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The price we pay
Sleazy con artists cause a great deal of inconvenience -- not to mention $45 billion in costs.
Protecting your identity

The costs of ID theft

Javelin defines it similarly. "We use the term identity fraud. It's probably synonymous with identity theft. And it is anytime there's a transaction in another person's name without their knowledge. So it's not a data breach in and of itself. It can be account takeover or a one-time credit card transaction, and it can be a new account for the purpose of fraud. We limit our focus to cases where it's a fraudulent transaction."

However, fraudsters can benefit from stealing identifying information in a few different ways.

With financial identity theft, fraudulent activity generally goes in one of two directions -- new account fraud or existing account takeover. For instance, a criminal can use a person's identifying data such as a Social Security number to open a new account at a bank, for instance, or to set up utilities or rent an apartment. Or an imposter can take over an existing account by engaging in credit card fraud or check fraud.

Criminal identity theft involves using another person's records to commit crimes.

The average identity thief is what I would call a criminal opportunist.

A third category of identity theft, and often the stickiest to resolve, is identity cloning. In this variation, a criminal is actually living as you, getting married, having kids, going to school -- in addition to possibly committing crimes and performing financial transactions every day.

In his role as chief operating officer at Kroll's Fraud Solutions, Brian Lapidus saw identity cloning in action.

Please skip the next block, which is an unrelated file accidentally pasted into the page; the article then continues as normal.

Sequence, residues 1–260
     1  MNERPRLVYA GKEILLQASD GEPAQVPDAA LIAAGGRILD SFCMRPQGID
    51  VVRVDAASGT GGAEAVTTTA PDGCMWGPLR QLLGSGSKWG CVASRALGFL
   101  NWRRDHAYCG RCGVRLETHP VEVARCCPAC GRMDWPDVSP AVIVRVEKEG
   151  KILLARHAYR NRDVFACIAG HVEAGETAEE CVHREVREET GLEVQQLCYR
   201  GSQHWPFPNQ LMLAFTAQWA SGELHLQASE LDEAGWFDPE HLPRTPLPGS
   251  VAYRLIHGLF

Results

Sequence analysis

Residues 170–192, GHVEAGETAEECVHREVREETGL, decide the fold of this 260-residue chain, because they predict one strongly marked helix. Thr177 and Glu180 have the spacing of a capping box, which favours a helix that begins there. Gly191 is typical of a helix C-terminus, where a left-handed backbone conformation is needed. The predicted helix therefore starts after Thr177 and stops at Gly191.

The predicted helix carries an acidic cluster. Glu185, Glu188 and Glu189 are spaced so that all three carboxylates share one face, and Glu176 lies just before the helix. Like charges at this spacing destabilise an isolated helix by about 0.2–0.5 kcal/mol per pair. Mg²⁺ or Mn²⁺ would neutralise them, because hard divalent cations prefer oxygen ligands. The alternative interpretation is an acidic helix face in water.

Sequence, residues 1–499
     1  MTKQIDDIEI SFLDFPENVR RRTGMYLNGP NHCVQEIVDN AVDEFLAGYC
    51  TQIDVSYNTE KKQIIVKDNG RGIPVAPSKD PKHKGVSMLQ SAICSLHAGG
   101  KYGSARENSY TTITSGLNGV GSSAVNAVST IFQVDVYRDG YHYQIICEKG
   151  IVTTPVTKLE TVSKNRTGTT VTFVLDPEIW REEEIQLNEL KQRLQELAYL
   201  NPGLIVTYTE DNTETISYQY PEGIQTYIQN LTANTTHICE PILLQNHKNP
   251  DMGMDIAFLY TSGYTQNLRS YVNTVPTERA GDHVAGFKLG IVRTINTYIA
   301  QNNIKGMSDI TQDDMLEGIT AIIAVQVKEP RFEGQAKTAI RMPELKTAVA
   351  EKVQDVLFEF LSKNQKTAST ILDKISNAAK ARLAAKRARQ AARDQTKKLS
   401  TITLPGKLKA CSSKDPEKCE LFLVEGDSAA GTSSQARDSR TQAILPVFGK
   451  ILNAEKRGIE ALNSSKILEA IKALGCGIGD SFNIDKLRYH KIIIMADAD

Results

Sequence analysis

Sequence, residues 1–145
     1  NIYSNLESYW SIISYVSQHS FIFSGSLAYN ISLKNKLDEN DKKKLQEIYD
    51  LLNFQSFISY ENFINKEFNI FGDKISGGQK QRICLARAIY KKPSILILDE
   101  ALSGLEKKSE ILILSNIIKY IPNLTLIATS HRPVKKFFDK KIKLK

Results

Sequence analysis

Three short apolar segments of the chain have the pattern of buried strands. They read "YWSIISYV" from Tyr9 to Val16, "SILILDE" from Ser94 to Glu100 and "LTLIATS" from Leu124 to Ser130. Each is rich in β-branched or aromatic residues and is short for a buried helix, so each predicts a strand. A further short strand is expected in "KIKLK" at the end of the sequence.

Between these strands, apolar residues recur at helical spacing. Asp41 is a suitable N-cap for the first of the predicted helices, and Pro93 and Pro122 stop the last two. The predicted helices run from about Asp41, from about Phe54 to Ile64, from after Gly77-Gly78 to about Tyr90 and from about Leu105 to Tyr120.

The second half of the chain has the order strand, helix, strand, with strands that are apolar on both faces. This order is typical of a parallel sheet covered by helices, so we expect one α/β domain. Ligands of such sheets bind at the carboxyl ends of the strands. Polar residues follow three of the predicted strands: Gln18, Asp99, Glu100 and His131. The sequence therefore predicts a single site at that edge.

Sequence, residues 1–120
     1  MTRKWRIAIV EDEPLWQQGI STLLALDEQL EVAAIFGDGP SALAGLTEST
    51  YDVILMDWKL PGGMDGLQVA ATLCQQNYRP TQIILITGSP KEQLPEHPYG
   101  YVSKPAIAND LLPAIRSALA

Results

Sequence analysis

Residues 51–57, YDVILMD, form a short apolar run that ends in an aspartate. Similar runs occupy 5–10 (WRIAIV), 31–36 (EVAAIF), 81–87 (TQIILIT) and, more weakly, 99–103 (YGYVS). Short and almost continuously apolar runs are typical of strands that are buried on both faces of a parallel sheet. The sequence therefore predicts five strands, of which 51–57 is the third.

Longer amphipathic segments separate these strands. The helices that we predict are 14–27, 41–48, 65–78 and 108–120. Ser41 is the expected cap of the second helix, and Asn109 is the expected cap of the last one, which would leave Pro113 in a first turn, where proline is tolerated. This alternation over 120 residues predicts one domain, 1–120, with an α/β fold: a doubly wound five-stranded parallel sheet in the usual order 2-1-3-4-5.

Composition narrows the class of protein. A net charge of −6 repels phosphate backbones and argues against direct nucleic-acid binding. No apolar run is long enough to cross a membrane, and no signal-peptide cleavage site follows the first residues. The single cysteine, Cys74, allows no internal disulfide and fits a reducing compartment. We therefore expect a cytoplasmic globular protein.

"A gentleman employed here at Kroll a few years ago got a letter from the IRS telling him that he owed taxes," he says. "And without thinking about it, it was a letter from the IRS after all, he paid it. The second time it happened he said something is not right."

As it turned out, someone in another state had gotten a job in his name and wasn't having taxes taken out of his paycheck.

"So Craig here was paying for Craig in Florida's taxes," says Lapidus. "And to compound the problem, Craig in Florida had also gotten married and the government was less than thrilled about the fact that Craig was married in two states."

Luckily this identity theft victim worked at a company that deals with victims of fraud everyday. Obviously, most people don't have that experience.

Who does it and how?
"The average identity thief is what I would call a criminal opportunist," says Donald Rebovich, Ph.D., associate professor at Utica College and acting executive director of the Center for Identity Management and Information Protection, or CIMIP.

-- Posted: April 21, 2008
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